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The Secret Codes in Matthew: Examining Israel’s Messiah, Part 13: Matthew 17:10-21, by Kevin M. Williams

Faith can be an ethereal concept around which to wrap one’s mind. Many books have been written on the subject, and many more sermons preached. The question should never be “do I have faith” enough to accomplish this or that. In and of myself I am powerless, and faith inappropriately directed is equally powerless. The question therefore should be, “do I have faith in Yeshua” to achieve this or that purpose (assuming it is in harmony with His will)? If the disciples had been self-focused (i.e. “we’ve done this before, we can do it again”), then it is no doubt that they failed.

Yeshua relied solely on the testimony of others to declare that He is Messiah. In fact, He still relies on the testimony of others to this very day.

This would seem to be consistent with Yeshua’s final instruction, “But this kind does not go out except by prayer and fasting.” One of the purposes of prayer and fasting is to strengthen the intimacy between the person praying and the Lord. This intimacy often leads to the important realization that it is not about “me,” it is about God: His will, His desires, His purposes, and His authority—upon which no one should presume.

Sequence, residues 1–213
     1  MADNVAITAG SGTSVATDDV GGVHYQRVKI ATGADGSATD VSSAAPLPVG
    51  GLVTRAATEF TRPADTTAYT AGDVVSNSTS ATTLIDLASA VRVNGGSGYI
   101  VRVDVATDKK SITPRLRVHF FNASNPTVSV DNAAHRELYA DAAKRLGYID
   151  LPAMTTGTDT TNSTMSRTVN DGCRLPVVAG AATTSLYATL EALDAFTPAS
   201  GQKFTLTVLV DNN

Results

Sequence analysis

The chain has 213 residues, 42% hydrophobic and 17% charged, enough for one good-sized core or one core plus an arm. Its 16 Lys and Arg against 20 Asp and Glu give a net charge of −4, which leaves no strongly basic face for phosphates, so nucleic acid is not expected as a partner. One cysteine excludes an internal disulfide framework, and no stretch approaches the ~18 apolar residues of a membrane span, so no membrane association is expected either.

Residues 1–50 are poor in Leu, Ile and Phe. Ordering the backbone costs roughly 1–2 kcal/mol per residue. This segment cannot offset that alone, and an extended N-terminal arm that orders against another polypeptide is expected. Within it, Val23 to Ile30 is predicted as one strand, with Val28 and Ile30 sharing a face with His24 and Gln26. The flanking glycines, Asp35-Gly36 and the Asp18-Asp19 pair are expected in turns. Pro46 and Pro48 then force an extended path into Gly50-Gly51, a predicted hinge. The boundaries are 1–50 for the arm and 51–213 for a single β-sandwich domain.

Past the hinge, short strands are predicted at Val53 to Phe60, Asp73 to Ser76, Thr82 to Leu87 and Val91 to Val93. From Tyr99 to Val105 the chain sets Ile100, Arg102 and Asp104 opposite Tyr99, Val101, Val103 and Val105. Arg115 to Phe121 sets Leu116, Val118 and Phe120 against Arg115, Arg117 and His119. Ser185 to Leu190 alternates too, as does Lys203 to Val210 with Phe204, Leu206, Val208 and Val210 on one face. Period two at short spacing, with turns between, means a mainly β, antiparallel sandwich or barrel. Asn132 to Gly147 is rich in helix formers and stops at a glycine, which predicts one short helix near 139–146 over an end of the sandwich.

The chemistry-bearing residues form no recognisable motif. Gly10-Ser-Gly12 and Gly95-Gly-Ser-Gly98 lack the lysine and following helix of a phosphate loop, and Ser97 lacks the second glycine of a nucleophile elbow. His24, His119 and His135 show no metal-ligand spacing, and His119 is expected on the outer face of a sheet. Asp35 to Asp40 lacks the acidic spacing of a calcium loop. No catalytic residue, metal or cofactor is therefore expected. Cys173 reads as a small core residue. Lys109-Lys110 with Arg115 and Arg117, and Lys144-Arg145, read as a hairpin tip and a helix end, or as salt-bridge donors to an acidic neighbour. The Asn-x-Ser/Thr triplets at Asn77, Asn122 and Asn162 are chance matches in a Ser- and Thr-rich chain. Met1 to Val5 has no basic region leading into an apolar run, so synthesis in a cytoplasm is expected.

There may be one more indicator here. As has been touched on before, one of the signs the people of Israel were looking in the true Messiah was miracles.

The belief in these self-proclaimed Messiahs and in their power to perform miracles could be so strong that it could override all normal instincts of self-preservation. Thus in about 448 a Jew appeared on Crete announcing that he was Moses and that he would repeat on a much larger scale the miracle performed by Moses at the Red Sea: he would part the waters of the Mediterranean and lead the Jews of the island dry shod to Judea! When the hour he fixed for the miracle arrived, he ordered his followers to jump into the sea, which they did, with the result that many of them drowned in the waves (Socrates Scholasticus, Historia Ecclessiae 12:33, as quoted in Encyclopaedia Judaica, s.v. Messianic Movements). 3

As we have noted on many occasions, one of the attributes that separated Yeshua’s messianic claim from other false-messiahs was that he was not self-proclaimed. He relied solely on the testimony of others to manifest such declarations. In fact, He still relies on the testimony of others to this very day.

Yet here, with the “lunatic” son, Yeshua did what no one else had been able to do—deliver him. For those with eyes to see, this was a miracle of “messianic” proportions and one more proof that this man was no mere mortal, but the Promised One. All other humans up to this point needed to fast and pray. Not Yeshua. His authority stood on its own.

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Category: Biblical Studies, Pneuma Review, Spring 2004

About the Author: Kevin M. Williams, Litt.D., H.L.D. has served in Messianic ministries since 1987 and has written numerous articles and been a featured speaker at regional and international conferences on Messianic Judaism.

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